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Battle Brewing Between Al-Qaeda Branch, Non-Religious Terror Groups In Northwest Nigeria

An armed group in the region has given an ultimatum to Ansaru to vacate its territory.

The protracted violence and lawlessness devastating parts of Northwestern Nigeria has taken a new dimension with growing tension between religious and non-religious terror groups. 

HumAngle has learned of brewing hostilities between a branch of the Al-Qaeda franchise, Jama’atu Ansaril Muslimina fi Biladis Sudan, commonly referred to as Ansaru, and Fulani-linked terror groups locally known as bandits. 

HumAngle understands that in at least one incident, Ansaru killed the relative of a top leader of an armed group in the Northwest. The leader was mobilising for a major offensive against the terror group before this incident. 

Ansaru is a breakaway faction of the Abubakar Shekau-led Boko Haram. It emerged officially in 2012 after a split, and months later, it was declared a foreign terrorist organisation by the United States Department of State alongside Boko Haram.

The group maintained a low profile for years until 2019 when an Al-Qaeda propaganda channel released a photo of Ansaru fighters. 

In Jan. 2020, Ansaru claimed responsibility for an attack on the Nigerian army convoy in Kaduna. But reports of the incident later showed that the convoy travelling through the Kaduna-Zaria road was that of the Emir of Potiskum, a town in Northeastern Nigeria. 

Nigerian security forces have stepped up operations in response to the reemergence of Ansaru in 2020. In Feb. 2020, Nigerian police tactical units stormed one of Ansaru’s camps in Kuduru Forest, Birnin Gwari area of Kaduna.  

On Aug. 13, the Nigerian Air Force (NAF) dispatched a group of helicopter gunships and fighter jets to target Ansaru positions in the Kuduru forest and, in Nov. 2020, the military said combat aircraft carried out airstrikes targeting Ansaru camp in Dunya forest, Katsina State.

In a recent chat with The Guardian, Kaduna state-based cleric, Sheikh Abubakar Gumi, said that armed groups were at war with Ansaru and they had also given the Al-Qaeda franchise 10 days to vacate their territory.

Gumi disclosed that there was an infiltration of armed groups in the Northwest by religious terrorists. According to him, “they will say the military too is killing their children and women; so they accept the Fulani from outside to assist them. But as they are coming in, some of the elements of Islamic terrorists join them.”

Gumi also told the paper that Ansaru reached out to the gang leader he met during a peace mission in Niger State in the North-central part of the country.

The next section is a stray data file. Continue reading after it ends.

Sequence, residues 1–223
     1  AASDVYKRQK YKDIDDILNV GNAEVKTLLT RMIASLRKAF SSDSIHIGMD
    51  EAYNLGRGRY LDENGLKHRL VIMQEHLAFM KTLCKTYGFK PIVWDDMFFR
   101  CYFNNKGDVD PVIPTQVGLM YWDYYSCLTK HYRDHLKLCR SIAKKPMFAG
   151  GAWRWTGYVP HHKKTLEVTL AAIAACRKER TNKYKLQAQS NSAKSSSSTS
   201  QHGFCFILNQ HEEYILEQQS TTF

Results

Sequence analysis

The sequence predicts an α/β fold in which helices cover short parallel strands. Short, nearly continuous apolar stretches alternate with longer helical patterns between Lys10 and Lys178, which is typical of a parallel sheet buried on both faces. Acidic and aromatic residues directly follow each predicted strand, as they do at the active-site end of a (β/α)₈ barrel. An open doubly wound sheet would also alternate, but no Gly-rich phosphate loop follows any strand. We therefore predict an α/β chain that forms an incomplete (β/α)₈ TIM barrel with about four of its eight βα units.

“After we came out, he talked to the contact, telling them that they were approached by the Ansaru groups who told them not to trust me and my entourage; that we are democratic scholars and shouldn’t be welcomed. This is why I’m urging the government to intervene fast. No time to waste.”

According to the cleric, the gang leader replied to Ansaru that his group was knowledgeable and better vast about Islam and they would continue the mediation with Gumi.

Ansaru later ambushed the man’s uncle and killed him. The gang leader has given the Ansaru terrorists 10 days to vacate the bush, says Gumi. 

It’s unclear if Sheikh Gumi was referring to Dogo Gide, a terror leader he met in February during a peace dialogue session held in Niger’s Dutsen Magaji forest. HumAngle had previously reported Gide’s suspected ties with Ansaru.

In June, the military dispatched attack aircraft to conduct airstrikes on a camp known as Kango formed in a dislodged village that sits north of Kuyanbana forest in Zamfara State.

The airstrikes led to the destruction of the camp, killing and wounding scores of fighters.  Dogo Gide was also reported to have been among the wounded during the airstrikes.

According to an International Crisis Group report published in May 2020, the conflict between Hausa farmers and Fulani herders has killed at least 8,000 people since 2011 and displaced more than 200,000, some of whom have moved over to the neighbouring Niger Republic.

No part of this publication may be reproduced, distributed or transmitted in any form or by any means without proper attribution to HumAngle, generally including the author's name, a link to the publication and a line of acknowledgement.

Murtala Abdullahi

Abdullahi Murtala is a researcher and reporter. His expertise is in conflict reporting, climate and environmental justice, and charting the security trends in Nigeria and the Lake Chad region. He founded the Goro Initiative and contributes to dialogues, publications and think-tanks that report on climate change and human security. He holds a Bachelors of Science in Environmental Education from the University of Abuja.

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